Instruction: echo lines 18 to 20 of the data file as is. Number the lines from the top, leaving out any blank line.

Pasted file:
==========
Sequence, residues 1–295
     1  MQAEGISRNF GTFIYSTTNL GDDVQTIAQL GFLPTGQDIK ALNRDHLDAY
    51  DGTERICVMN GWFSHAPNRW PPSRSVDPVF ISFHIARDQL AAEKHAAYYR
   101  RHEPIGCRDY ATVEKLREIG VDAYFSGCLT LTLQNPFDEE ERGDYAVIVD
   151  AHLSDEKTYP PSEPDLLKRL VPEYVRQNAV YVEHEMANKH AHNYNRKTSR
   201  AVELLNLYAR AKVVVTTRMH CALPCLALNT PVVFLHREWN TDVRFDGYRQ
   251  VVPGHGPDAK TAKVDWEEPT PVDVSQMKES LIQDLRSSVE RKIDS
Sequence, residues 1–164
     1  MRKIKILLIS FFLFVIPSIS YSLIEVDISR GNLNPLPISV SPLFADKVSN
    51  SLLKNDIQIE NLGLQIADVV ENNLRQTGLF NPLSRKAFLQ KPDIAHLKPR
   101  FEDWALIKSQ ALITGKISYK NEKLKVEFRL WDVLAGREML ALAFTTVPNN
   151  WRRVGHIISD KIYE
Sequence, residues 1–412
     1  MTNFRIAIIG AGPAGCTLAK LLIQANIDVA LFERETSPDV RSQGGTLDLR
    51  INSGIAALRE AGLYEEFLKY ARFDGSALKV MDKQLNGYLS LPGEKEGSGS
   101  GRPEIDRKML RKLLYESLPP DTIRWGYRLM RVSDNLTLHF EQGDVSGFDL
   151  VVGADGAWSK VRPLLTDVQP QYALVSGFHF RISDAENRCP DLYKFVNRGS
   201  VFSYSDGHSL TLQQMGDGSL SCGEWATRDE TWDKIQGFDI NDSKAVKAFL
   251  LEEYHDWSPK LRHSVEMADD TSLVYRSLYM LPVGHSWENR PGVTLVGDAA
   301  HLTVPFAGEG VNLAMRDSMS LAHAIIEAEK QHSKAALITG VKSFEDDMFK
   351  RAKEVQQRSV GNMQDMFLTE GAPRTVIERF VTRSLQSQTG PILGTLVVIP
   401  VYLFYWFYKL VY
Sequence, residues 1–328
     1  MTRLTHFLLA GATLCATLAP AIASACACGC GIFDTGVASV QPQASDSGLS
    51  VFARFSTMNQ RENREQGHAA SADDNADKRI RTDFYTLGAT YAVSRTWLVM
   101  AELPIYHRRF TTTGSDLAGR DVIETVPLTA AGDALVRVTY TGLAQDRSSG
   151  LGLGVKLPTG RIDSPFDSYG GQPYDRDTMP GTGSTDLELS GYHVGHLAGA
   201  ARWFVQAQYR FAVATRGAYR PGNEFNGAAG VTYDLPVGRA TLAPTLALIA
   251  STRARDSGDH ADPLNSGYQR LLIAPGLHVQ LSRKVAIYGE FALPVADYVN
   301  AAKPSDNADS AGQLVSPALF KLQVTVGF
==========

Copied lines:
   201  VFSYSDGHSL TLQQMGDGSL SCGEWATRDE TWDKIQGFDI NDSKAVKAFL
   251  LEEYHDWSPK LRHSVEMADD TSLVYRSLYM LPVGHSWENR PGVTLVGDAA
   301  HLTVPFAGEG VNLAMRDSMS LAHAIIEAEK QHSKAALITG VKSFEDDMFK